New ‘best practice’ guidelines have been published that, for the first time, specifically address disabled student accommodation .
Simultaneously, Britain’s leading provider of disabled toileting solutions, Closomat, is announcing new developments that enable providers to comply, stylishly, with a unique package from specification, through fitting to future service & maintenance.
The options help enable providers to meet the growing number of disabled students, which now represents almost 10% of the student population in the UK!
BS8300:2018 Design of an accessible and inclusive built environment extends the remit of compliance covered under its predecessor BS8300:2009. The latest version is not specific to new build projects, and applies to all building types that require permanent sleeping accommodation for disabled people.
It also, for the first time, incorporates a specific set of criteria for student accommodation bedrooms. Under the new guidelines, up to 4% of bedrooms should be wheelchair accessible, up to 1% of rooms should include a fixed track hoist system, and up to 5% should be easily adaptable for independent wheelchair use. If only one accessible bedroom is provided, it should include an accessible shower room, with the preferred solution being a level access shower with shower seat if required, and include a WC. The adaptable rooms should have the space and design features to allow for addition of grab rails, shower seats, with ceiling height to allow for a track hoist (2.4m).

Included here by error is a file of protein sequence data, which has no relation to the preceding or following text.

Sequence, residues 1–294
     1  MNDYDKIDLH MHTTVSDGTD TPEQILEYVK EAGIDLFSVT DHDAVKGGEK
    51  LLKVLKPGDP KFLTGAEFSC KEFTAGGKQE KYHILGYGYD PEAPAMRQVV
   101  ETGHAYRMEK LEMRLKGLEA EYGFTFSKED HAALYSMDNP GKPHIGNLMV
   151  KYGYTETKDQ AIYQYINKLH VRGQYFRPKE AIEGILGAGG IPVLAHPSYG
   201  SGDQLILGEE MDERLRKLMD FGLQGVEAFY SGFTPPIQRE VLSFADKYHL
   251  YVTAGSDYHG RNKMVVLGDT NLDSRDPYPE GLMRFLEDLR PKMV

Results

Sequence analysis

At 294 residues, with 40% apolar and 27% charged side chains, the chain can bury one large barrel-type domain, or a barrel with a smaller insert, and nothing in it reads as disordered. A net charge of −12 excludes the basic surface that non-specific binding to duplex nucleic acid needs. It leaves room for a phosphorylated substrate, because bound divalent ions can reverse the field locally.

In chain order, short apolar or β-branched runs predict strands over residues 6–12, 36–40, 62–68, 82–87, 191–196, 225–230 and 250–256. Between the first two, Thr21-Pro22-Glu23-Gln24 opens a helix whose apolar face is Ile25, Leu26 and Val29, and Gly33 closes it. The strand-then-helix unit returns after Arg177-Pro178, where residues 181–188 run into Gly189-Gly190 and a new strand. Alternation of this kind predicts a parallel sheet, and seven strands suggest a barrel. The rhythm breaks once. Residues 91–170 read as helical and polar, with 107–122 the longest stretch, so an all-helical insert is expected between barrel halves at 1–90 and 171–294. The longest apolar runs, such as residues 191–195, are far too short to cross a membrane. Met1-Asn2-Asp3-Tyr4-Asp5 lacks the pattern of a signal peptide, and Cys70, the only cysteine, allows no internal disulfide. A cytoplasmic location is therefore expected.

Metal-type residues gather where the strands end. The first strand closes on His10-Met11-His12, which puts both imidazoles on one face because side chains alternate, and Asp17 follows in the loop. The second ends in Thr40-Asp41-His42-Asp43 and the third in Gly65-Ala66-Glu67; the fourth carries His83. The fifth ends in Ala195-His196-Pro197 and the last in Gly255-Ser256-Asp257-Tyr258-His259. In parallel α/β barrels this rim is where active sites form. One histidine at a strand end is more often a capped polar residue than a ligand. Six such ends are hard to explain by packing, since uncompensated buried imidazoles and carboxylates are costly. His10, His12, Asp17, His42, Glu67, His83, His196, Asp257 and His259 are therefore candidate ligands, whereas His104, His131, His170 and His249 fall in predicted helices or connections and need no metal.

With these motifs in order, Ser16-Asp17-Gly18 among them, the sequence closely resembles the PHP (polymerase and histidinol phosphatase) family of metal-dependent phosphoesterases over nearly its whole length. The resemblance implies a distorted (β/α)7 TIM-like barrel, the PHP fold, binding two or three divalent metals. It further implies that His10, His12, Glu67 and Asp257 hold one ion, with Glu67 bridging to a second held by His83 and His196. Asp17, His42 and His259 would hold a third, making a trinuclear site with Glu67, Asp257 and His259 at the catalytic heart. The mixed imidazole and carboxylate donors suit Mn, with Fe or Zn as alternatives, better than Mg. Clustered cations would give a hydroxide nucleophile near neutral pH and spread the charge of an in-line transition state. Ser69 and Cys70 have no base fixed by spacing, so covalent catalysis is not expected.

Closomat offers a range of contemporary ceiling track hoist systems that can be tailored to individual needs, enabling movement and transfer within a room, through to an en-suite, or beyond.
In the bathroom, it can provide a stylish wall track system, that integrates with a range of fixtures such as grab rails, height-adjustable or fixed washbasins, shower seats, enabling quick and easy adaptation to individual occupant needs.
Its range of wash & dry toilets take accessibility into higher realms of inclusion and intimate hygiene, with contemporary styled floor- standing, wall-mounted and height adjustable variants. Wash and dry toilets have the added benefit of satisfying cultural and religious considerations, regardless of the enhanced hygiene they provide against conventional wiping.
“Accessibility is a growing consideration in building design,” explains Robin Tuffley, Closomat marketing manager. “Disabled student numbers have increased by 56% in less than a decade, so it’s a sector that accommodation providers need to consider, and address.
“As the new British Standard points out, because such accommodation is booked or reserved in advance, there is greater scope for it to be adapted correctly, as required, to suit an individual student. It goes so far as to advise that in effect a ‘show flat/ bedroom’ should be provided on build completion so people can asses how their requirement may be met!”